Clelin Ferrell said they’ll investigate the float tanks.
“The Epsom salt that’s in the float tank we’re floating in,” the Clemson defensive end continued. “It could’ve been anything.
“They’re investigating everything.”
So continues the Tigers’ search to understand what caused starting defensive tackle Dexter Lawrence, backup offensive lineman Zach Giella and tight end Braden Galloway to test positive for trace amounts of ostarine in a recent routine test.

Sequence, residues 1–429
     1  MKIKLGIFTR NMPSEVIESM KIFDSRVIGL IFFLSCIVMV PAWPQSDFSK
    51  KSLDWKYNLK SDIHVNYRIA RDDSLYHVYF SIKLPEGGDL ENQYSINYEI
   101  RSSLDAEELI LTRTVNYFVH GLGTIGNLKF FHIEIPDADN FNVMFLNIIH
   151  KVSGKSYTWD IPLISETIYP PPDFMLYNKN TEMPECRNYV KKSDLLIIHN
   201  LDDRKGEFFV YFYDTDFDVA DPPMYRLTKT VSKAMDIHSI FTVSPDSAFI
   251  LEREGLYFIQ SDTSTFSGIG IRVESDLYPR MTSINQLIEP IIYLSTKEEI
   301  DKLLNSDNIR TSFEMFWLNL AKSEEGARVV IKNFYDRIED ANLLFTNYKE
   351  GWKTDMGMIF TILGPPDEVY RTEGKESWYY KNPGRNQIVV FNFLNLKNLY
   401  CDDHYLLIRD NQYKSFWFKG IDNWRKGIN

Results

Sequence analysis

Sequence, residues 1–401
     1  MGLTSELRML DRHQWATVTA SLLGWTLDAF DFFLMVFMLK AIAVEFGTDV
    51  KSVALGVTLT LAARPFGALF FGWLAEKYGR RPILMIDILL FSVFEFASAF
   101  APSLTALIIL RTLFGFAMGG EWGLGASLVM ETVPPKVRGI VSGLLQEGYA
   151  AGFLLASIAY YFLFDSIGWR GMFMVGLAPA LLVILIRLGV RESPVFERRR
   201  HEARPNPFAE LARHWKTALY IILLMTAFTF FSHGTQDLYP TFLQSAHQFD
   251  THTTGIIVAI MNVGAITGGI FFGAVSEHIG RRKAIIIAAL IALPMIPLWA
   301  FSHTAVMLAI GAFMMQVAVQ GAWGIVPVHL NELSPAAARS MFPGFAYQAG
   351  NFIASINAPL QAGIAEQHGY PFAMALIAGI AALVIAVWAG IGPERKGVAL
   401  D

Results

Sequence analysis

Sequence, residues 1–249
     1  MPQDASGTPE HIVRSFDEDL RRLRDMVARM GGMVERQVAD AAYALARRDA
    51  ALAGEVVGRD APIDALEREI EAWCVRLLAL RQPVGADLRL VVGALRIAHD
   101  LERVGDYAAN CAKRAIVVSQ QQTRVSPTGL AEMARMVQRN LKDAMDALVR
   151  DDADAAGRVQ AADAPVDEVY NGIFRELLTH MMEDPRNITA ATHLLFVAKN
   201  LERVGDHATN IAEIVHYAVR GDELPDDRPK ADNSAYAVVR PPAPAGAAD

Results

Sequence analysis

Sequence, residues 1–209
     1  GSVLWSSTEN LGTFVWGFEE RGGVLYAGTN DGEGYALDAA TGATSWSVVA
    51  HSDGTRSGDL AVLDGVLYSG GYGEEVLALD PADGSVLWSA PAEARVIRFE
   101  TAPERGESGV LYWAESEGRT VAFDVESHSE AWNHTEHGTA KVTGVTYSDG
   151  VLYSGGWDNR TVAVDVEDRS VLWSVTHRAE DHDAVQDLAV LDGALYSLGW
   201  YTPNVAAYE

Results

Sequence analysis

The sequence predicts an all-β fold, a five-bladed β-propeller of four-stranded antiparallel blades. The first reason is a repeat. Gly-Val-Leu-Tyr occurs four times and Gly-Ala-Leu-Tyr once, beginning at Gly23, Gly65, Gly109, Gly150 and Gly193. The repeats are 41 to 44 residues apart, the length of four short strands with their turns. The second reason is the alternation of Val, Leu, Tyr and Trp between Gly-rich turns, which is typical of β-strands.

All are ineligible for Saturday’s semifinal game against Notre Dame unless the B test samples they submitted to the NCAA overturn the ruling from the first tests. Ostarine, which players and head coach Dabo Swinney said they’d never heard of last week, is an anabolic steroid-like substance used to build lean muscle. It’s not approved for legal use in the U.S. or any country.
So players say they were shocked after the NCAA sent a letter last Thursday letting Clemson athletic director Dan Radakovich know the players had failed a routine test. All are seeking legal representation. Swinney told the team Sunday after arriving in Dallas.